Perspectives: Removing the Lenses


As our workshop on eating disorders approaches, I have had an opportunity to reflect on my own recovery and the various challenges that I have faced in order to reach a point where I am comfortable understanding and discussing my own experiences. One point that really stands out to me is perspectives.

Living with an eating disorder is similar to wearing a pair of glasses. The lenses filter the way you see the world, but also provide the world with an image of you. With an eating disorder, those glasses become filtered with an eating disorder lens, distorting everything that I saw. The
longer I kept those glasses on, the more disoriented and helpless I felt when I removed them. I
became dependent on the eating disorder, because it was how I saw the world and how the
world saw me. An aimless attempt to find purpose was satisfied by the eating disorder, because
it became my identity. She’s anorexic.

This is dangerous. The eating disorder glasses paint a beautiful perspective of the world. They
provide goals and purpose. If you eat under x amount of calories, you will lose weight. If you
weigh x amount of pounds, you have regained control of your life and your body. If you follow
this fad diet you will be accepted. The promises are is a way to regain control, a
way to find an identity, a drive to accept purpose. But the perspectives and promises are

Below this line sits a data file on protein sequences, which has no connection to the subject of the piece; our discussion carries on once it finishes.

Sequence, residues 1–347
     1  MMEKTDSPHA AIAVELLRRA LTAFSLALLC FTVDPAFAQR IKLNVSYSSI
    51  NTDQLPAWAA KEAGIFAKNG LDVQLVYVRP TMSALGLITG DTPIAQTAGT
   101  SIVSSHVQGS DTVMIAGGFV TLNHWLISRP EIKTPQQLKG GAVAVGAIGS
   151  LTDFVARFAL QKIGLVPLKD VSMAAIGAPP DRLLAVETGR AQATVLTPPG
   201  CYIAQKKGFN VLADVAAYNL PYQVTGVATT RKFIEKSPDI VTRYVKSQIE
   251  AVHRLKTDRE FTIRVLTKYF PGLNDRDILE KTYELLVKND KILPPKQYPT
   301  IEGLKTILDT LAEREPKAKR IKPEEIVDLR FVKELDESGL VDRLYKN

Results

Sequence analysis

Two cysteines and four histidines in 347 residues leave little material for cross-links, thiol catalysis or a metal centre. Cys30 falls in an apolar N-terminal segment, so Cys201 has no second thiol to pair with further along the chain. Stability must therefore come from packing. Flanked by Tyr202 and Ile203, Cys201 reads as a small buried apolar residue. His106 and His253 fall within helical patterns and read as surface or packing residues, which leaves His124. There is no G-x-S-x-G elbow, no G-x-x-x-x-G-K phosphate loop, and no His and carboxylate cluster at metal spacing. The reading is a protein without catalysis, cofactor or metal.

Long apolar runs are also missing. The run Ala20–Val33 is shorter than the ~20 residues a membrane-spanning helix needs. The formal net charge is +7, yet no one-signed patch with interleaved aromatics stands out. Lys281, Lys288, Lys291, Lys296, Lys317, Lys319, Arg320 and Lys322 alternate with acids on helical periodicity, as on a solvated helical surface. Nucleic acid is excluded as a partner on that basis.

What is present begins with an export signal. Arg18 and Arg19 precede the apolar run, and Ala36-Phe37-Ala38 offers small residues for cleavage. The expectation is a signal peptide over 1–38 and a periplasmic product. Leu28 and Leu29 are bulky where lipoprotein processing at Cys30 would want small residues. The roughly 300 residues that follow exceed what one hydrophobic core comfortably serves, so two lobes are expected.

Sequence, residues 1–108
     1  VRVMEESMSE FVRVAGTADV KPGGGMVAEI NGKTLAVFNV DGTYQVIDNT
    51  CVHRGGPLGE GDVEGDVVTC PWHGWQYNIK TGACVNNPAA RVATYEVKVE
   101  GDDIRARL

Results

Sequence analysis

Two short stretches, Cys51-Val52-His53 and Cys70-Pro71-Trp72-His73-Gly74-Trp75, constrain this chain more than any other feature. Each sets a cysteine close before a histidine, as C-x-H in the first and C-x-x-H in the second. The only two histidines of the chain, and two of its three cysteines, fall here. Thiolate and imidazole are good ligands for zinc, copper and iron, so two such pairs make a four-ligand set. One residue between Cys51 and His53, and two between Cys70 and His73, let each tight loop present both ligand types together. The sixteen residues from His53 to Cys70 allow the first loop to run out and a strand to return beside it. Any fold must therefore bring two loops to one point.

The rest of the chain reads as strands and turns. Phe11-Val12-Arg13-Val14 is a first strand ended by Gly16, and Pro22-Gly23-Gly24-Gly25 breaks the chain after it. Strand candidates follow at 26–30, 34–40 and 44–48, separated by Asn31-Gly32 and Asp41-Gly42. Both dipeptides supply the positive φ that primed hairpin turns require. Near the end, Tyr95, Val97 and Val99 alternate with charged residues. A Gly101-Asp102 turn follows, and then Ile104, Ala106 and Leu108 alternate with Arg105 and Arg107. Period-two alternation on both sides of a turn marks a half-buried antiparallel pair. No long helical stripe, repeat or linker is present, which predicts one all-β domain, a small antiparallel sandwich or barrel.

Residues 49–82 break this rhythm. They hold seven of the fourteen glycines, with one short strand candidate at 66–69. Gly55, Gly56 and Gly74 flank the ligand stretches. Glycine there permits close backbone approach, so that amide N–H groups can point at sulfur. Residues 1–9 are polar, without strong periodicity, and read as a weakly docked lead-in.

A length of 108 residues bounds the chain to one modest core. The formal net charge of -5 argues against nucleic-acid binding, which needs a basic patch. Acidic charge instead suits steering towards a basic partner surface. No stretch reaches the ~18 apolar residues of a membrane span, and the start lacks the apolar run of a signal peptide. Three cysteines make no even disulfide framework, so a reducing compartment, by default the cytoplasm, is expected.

The main focus of my recovery has been removing the glasses tainted by the eating disorder.
This is not as easy as it sounds. It means redeveloping my perspective on the world, reshaping
my identity, and regaining control on my own terms. I wore those glasses for so many years that
when they were finally removed, I didn’t have a clue who I was anymore. She’s anorexic shifted
into she had an eating disorder. This reminds me of my grandmother, who continued wearing
her glasses frames with the lenses popped out after having eye surgery because she feared
that nobody would recognize her without those glasses. For years I kept those eating disorder
glasses on, with the lenses popped out, because I needed to reestablish who I was and where I
belonged, and I feared who I may be without them. I clung to the last dregs of the eating
disorder because for many years of my life that’s all I was reduced to, and the way I recognized

Finally, after years of hard work, I have removed those glasses and am shaping my identity in
different ways. She loves to rock climb. She is passionate about helping people. She has
earned a university degree. She takes too many pictures and collects too many vintage artifacts
but wouldn’t change it for the world. She speaks out about her experiences. She believes there
is not much that can’t be addressed over a good cup of tea and healthy conversation. She loves
deeply and without reserve.

Last, but not least… She is more than her eating disorder.

Written by Elisha McGregor